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Kenneth Bae Memoir: Former Captive Gives Witness to Jesus in Godless North Korea

Kenneth Bae has held the hand of God.

The American Christian missionary — who spent over 700 days as a captive of the North Korean communist regime — says the Holy Spirit held his hand through an “interrogation” exercise. He saw “something sparkling like gold dust” before hearing the voice of God explain: “The Holy Spirit is holding your hand. You are not alone.”

Bae’s new book, Not Forgotten, is a powerful and unique look at his time in North Korea, from his arrest over running a secret missionary operation in the north of the country to his days working in a labor camp after his conviction. It is unique because it is a Christian testimony, in which Bae explicitly refers to supernatural incidents during his captivity that ensured his safety and kept hope for his release alive. He credits Jesus for the limited time he spend in prison; he had been sentenced to serve 15 years.

In one incident, Bae felt God remove the hands of a demon from his neck. On multiple occasions, singing prayer songs in the harsh condition of North Korea’s labor camp fields, he found himself laughing and crying with joy, filled with the Holy Spirit. To say that his guards and handlers were confused would be an understatement. One interrogator asked who Jesus was and where he lived so that North Korean guards could arrest him.

Bae argues that the North Korean government understands the power of Jesus Christ, and takes extraordinary measures to keep its citizens from knowing about God. The only North Koreans who know what Christianity is in the book are the prosecutors studying his case, the guards keeping him captive, and the few civilians he encountered during his “tours” out of China. A Bible, he says, stands in a display case in a room full of American “weapons” at an anti-American propaganda museum.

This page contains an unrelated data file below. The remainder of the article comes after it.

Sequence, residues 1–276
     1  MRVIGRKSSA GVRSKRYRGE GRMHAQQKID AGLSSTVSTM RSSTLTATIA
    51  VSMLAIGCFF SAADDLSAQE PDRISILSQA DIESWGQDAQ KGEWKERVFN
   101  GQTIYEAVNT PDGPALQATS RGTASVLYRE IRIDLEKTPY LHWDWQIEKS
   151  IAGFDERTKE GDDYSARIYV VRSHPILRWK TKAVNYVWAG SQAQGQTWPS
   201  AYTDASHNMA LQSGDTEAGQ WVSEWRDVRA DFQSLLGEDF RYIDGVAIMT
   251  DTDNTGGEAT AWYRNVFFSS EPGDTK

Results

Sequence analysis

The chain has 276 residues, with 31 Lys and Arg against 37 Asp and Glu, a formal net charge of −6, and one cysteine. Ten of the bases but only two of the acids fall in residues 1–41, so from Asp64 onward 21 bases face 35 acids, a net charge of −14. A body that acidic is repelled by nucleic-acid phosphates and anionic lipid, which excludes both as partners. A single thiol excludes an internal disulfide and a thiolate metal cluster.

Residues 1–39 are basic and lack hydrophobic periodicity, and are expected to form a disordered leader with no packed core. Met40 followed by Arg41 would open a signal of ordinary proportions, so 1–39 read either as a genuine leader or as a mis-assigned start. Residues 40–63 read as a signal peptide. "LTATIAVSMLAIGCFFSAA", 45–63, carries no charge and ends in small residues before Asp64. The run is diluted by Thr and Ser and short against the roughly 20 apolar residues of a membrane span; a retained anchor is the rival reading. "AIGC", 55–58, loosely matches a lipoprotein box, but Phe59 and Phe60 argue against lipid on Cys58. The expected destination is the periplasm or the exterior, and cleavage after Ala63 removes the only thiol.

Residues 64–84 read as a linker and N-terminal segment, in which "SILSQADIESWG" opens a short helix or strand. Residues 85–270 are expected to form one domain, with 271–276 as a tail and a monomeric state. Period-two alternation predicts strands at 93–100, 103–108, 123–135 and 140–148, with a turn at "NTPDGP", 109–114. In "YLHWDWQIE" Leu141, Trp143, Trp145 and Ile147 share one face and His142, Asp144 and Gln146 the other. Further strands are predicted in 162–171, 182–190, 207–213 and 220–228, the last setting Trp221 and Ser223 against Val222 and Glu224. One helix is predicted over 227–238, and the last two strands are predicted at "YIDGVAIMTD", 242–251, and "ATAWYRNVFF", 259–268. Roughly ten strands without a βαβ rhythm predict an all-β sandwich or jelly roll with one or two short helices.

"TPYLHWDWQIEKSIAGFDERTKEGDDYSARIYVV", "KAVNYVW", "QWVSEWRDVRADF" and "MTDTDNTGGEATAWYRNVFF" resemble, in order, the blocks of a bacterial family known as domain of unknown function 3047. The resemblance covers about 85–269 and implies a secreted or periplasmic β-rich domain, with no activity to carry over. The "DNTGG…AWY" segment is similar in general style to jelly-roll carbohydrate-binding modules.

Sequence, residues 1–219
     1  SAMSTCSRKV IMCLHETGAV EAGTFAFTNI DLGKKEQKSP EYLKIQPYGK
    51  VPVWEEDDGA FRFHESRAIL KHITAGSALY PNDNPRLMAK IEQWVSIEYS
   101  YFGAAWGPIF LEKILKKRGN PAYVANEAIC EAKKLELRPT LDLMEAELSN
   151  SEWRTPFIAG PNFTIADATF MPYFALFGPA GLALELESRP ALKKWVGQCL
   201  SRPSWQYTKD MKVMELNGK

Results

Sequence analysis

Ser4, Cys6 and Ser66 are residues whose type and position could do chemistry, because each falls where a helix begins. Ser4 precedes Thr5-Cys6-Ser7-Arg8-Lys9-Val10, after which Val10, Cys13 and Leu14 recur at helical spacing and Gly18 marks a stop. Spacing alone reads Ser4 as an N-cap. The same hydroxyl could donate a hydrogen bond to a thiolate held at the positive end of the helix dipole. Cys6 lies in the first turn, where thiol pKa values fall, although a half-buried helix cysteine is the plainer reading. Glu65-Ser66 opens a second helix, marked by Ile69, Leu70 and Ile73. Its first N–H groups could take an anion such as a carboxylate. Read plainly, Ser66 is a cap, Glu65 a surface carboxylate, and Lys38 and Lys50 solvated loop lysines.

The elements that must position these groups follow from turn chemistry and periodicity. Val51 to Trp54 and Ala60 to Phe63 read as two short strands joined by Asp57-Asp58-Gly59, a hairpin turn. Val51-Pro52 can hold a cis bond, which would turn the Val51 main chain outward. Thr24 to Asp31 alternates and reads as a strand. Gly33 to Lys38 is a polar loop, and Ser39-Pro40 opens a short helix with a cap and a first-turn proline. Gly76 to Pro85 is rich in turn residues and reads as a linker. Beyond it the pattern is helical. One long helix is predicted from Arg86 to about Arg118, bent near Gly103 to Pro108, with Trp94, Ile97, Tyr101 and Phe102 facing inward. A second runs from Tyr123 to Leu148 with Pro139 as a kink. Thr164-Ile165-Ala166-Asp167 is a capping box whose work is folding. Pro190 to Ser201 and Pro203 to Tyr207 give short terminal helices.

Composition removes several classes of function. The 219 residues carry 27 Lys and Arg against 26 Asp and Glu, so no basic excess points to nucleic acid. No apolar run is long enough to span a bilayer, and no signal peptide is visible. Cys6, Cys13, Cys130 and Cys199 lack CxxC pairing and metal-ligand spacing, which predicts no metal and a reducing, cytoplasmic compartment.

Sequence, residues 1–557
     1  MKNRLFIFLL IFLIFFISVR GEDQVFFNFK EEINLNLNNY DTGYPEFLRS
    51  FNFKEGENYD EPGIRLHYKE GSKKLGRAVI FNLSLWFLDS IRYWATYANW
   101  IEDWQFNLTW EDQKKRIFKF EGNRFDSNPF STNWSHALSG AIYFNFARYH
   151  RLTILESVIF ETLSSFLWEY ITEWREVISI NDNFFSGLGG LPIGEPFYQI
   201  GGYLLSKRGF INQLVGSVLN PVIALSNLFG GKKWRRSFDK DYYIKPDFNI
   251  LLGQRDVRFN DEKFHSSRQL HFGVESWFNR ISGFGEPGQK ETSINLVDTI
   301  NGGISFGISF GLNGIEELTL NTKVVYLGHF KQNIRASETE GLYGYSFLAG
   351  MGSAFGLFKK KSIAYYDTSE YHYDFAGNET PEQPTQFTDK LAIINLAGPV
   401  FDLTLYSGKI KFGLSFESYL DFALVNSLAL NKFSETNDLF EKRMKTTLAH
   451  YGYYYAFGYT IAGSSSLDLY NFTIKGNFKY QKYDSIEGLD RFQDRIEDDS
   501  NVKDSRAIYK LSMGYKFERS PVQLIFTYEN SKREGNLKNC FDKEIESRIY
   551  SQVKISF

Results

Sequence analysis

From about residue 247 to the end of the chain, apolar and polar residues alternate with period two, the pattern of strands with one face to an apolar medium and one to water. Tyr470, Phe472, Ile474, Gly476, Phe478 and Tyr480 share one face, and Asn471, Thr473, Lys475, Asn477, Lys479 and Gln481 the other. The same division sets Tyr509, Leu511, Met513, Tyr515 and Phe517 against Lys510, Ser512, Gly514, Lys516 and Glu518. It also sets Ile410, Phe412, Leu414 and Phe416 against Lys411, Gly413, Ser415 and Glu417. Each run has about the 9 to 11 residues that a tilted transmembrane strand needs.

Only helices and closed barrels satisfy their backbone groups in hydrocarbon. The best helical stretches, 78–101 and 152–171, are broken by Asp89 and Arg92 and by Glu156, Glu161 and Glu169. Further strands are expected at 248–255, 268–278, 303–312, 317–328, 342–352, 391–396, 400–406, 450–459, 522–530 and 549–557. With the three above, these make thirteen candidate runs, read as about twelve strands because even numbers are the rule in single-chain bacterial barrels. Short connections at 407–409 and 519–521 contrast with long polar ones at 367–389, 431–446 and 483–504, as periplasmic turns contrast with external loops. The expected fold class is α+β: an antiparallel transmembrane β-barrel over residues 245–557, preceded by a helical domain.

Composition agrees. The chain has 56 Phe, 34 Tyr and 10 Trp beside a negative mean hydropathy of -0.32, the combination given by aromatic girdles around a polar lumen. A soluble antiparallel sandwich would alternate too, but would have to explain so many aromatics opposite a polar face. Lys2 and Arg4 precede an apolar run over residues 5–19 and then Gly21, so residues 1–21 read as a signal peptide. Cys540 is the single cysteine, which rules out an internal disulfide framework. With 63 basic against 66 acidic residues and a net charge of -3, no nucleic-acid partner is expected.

Bae had established a tourist organization overtly meant to show foreigners friendly to the regime the side of North Korea Kim Jong-un wants the world to see. Secretly, the groups consisted of Christian missionaries who would pray in silence for the nation, and off-handedly mention Christianity to civilians when guards were not looking.

“You say it is just prayer, but prayer is a hostile act because it calls into question everything our system is based upon,” a prosecutor tells him during pre-trial hearings. Bae seems to agree. He argues North Korean communists understand the power of Jesus even more than some Christians in the free world: “they understand that if they allow the message of Jesus to spread, their government will collapse, along with every aspect of their society.”

“They know how powerful faith in Jesus is, and it scares them to death,” he writes.

The mainstream political media, so unused to treating Christian testimonies as reality, appear to be sidelining the entire point of Bae’s book. CNN has chosen to focus on passing mentions of Dennis Rodman (whom Bae credits, in part, for his release), and the hardships of a labor camp. The New York Times acknowledges the Christian foundation of the book, but notes with more interest that it is “also a survival story that shines a light on North Korea’s history of seizing United States citizens.” CBS highlights the North Korean government’s use of Bae as a “political pawn” to humiliate America.

One cannot blame them. There are few stories in the American political and cultural sphere like Bae’s — because there are few stories like Bae’s, period. He remains the longest-serving U.S. citizen in a North Korean prison. He focuses on describing true events in his life that would get a fiction book branded magic realism. While his story managed to rope in NBA stars and politicians looking to score cheap publicity points by saying his name, he ultimately took the risks he took to return Christianity to a nation that was once home to the “Jerusalem of the East“: Pyongyang. The earthly implications of his detention, to Bae, are clearly secondary.

Bae’s memoir, Not Forgotten, is currently out in stores.

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